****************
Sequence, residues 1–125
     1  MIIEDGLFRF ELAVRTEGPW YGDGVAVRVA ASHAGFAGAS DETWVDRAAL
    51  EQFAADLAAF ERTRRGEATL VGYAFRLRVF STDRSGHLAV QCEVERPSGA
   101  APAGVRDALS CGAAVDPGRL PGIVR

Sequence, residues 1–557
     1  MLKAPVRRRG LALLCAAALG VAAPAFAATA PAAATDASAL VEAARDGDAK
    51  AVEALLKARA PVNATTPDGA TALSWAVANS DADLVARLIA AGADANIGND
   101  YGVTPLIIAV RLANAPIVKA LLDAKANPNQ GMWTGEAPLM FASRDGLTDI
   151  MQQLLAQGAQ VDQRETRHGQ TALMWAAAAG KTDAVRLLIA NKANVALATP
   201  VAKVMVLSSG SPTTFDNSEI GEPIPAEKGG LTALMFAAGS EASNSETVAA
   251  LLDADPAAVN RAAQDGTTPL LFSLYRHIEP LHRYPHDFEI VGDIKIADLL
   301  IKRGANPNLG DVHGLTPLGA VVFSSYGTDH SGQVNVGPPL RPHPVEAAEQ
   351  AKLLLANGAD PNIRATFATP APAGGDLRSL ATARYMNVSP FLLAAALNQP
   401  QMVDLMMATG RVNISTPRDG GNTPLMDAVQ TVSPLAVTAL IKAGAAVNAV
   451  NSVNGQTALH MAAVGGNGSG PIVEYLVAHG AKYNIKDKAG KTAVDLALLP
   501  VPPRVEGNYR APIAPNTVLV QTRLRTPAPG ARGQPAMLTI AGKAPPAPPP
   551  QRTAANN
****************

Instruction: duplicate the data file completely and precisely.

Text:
Sequence, residues 1–125
     1  MIIEDGLFRF ELAVRTEGPW YGDGVAVRVA ASHAGFAGAS DETWVDRAAL
    51  EQFAADLAAF ERTRRGEATL VGYAFRLRVF STDRSGHLAV QCEVERPSGA
   101  APAGVRDALS CGAAVDPGRL PGIVR

Sequence, residues 1–557
     1  MLKAPVRRRG LALLCAAALG VAAPAFAATA PAAATDASAL VEAARDGDAK
    51  AVEALLKARA PVNATTPDGA TALSWAVANS DADLVARLIA AGADANIGND
   101  YGVTPLIIAV RLANAPIVKA LLDAKANPNQ GMWTGEAPLM FASRDGLTDI
   151  MQQLLAQGAQ VDQRETRHGQ TALMWAAAAG KTDAVRLLIA NKANVALATP
   201  VAKVMVLSSG SPTTFDNSEI GEPIPAEKGG LTALMFAAGS EASNSETVAA
   251  LLDADPAAVN RAAQDGTTPL LFSLYRHIEP LHRYPHDFEI VGDIKIADLL
   301  IKRGANPNLG DVHGLTPLGA VVFSSYGTDH SGQVNVGPPL RPHPVEAAEQ
   351  AKLLLANGAD PNIRATFATP APAGGDLRSL ATARYMNVSP FLLAAALNQP
   401  QMVDLMMATG RVNISTPRDG GNTPLMDAVQ TVSPLAVTAL IKAGAAVNAV
   451  NSVNGQTALH MAAVGGNGSG PIVEYLVAHG AKYNIKDKAG KTAVDLALLP
   501  VPPRVEGNYR APIAPNTVLV QTRLRTPAPG ARGQPAMLTI AGKAPPAPPP
   551  QRTAANN